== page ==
Thursday, February 5, 2009

High Phlying, Adored

High flying, adored
What happens now,

where do you go from here?
For someone on top of the world
The view is not exactly clear

-- Tim Rice for the "Evita"
duet titled "High Flying, Adored"

It has not been long since posting the two-part series and videos about my colleague, friend and I racing across Beijing to see Michael Phelps' historic eighth victory race at the Water Cube in China.

Methinks this week's headlines about USA Swimming's golden child may have young Mr. Phelps racing to find P.R. counsel somewhere out there (so far he seems to have savvy response to the situation).

With tonight's CNN-posted report on the latest on this "very important story," it's clear now that two big camps are set on the Phelps photo phrenzy.

On one side, you have the "he made a mistake, he's sorry, move on" group -- this side includes the initial comments of the International Olympic Committee, U.S. Olympic Committee, a couple of sponsors and others who see Phelps' transgressions as "no big deal."

On the other side, you have some law enforcement guy who seems eager to take a stand (er, a microphone), and USA Swimming contributing a verse with a short-term official reprimand. One sponsor today made known their intention to join the "Phelps blew it and needs to pay with harsh lessons" end of the spectrum (I love how the Kellogg's website still has a Phelps poster offer online -- but I have the clock running and taking bets it won't be there much longer after they read this post).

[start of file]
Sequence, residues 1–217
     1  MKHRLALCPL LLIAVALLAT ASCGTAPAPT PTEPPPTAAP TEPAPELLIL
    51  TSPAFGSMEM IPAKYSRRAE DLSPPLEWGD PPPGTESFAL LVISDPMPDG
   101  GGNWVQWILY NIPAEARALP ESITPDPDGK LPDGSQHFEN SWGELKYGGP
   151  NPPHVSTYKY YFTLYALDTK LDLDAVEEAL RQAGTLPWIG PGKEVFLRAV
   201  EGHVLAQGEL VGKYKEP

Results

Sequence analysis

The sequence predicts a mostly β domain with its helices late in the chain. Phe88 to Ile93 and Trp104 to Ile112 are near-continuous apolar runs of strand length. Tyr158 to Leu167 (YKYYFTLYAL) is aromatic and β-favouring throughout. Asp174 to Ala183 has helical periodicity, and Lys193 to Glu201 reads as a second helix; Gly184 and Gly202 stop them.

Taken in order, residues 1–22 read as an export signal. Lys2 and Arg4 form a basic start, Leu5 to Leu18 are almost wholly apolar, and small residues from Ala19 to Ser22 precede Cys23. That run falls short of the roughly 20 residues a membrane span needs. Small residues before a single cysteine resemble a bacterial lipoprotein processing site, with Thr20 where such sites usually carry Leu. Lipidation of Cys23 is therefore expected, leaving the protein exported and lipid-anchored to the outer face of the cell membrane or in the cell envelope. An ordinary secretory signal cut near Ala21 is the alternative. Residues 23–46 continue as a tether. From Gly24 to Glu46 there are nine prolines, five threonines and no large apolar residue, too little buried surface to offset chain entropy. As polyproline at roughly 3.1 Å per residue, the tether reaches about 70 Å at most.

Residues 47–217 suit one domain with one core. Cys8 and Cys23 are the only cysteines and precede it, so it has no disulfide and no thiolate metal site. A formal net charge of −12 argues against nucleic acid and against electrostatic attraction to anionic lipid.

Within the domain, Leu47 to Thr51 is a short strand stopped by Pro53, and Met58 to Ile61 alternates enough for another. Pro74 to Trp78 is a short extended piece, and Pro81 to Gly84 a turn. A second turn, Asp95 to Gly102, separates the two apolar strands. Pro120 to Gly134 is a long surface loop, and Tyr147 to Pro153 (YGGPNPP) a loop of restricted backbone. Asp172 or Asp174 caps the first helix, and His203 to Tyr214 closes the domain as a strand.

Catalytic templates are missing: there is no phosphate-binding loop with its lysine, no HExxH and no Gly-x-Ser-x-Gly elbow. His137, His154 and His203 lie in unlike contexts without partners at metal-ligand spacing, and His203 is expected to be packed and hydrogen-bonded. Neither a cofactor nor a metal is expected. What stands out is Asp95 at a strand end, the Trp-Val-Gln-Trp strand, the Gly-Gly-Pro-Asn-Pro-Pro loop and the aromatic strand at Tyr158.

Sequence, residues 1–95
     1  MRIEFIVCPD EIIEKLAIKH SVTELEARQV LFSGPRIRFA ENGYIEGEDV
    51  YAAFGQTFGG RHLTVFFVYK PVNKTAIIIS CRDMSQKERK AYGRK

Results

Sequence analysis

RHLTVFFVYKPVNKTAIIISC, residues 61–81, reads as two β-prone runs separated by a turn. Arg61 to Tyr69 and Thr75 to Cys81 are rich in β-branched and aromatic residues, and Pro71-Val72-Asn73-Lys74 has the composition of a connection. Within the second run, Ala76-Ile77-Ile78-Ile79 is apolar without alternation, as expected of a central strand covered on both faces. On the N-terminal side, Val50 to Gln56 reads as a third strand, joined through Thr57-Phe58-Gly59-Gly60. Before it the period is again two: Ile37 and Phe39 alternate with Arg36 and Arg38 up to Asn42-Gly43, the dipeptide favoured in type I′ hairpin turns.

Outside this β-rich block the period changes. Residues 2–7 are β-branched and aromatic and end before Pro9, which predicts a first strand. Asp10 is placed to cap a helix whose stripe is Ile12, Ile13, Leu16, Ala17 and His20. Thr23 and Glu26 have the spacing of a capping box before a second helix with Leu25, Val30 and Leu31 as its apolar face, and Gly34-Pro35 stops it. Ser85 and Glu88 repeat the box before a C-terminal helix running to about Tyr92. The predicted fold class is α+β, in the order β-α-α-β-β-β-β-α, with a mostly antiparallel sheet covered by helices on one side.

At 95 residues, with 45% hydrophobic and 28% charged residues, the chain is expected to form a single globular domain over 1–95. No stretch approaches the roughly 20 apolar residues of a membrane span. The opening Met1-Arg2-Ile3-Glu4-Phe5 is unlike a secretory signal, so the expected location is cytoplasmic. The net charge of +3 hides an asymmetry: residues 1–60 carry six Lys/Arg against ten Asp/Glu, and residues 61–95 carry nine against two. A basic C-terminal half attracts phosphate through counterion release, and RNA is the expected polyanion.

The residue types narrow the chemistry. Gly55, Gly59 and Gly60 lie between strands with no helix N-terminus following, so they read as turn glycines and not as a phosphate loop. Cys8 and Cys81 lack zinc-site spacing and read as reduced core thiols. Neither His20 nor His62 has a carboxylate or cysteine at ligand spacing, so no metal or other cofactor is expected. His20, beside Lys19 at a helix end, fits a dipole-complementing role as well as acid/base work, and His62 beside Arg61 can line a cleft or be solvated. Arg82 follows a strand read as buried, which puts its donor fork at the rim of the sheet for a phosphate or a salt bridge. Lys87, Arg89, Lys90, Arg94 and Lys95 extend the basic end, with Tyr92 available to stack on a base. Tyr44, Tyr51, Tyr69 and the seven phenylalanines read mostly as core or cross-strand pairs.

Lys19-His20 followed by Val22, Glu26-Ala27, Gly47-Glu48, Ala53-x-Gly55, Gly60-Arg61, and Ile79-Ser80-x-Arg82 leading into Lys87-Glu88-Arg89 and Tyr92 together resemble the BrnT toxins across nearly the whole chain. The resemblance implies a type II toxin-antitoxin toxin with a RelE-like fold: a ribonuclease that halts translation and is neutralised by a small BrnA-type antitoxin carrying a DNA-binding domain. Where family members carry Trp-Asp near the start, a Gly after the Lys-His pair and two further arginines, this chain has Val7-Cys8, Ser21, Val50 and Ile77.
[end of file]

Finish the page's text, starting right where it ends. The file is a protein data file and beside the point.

The way I see it, since Phelps' actions did not cause any physical injury to himself nor others, and since he did not drive while under the influence, then a "no harm, no foul" attitude should apply. Let it go. Move on. Etc.

Should the South Carolina law enforcement eager beaver(s) pursue this Phelps case any further?

My answer is NO! ABSOLUTELY NO!

My thought here is that there are likely much bigger crimes and "bad guys" in the region where Phelps' bong photo was snapped, and these bigger crimes -- like drunk driving, burglaries, robberies, prostitution and the like -- should be pursued rather than milking the Phelps phfiasco.

Is anyone with that Carolina sheriff or prosecutor's office trying to go after the drug DEALERS in their community?

Paraphrasing coaches of a few Olympic team events, the instruction to "keep your eye on the ball, guys" somewhat applies.

As for CNN, I would like to see them stop reporting celebrity drivel and START reporting on real news items like the Bush-initiated $592 million U.S. Embassy (my nickname for it: the "abomination") that I suspect is one of the true reasons our nation cannot pull out of the Republic of Iraq (would you pull up stakes after investing $592 million in a new building -- the same price as a decent Olympic Stadium or the same price as thousands of improved schools and hospitals stateside?).

But don't get me started.

And as for Phelps, I look forward to the potential of a "natural high" that may come from witnessing him swimming again at London 2012.

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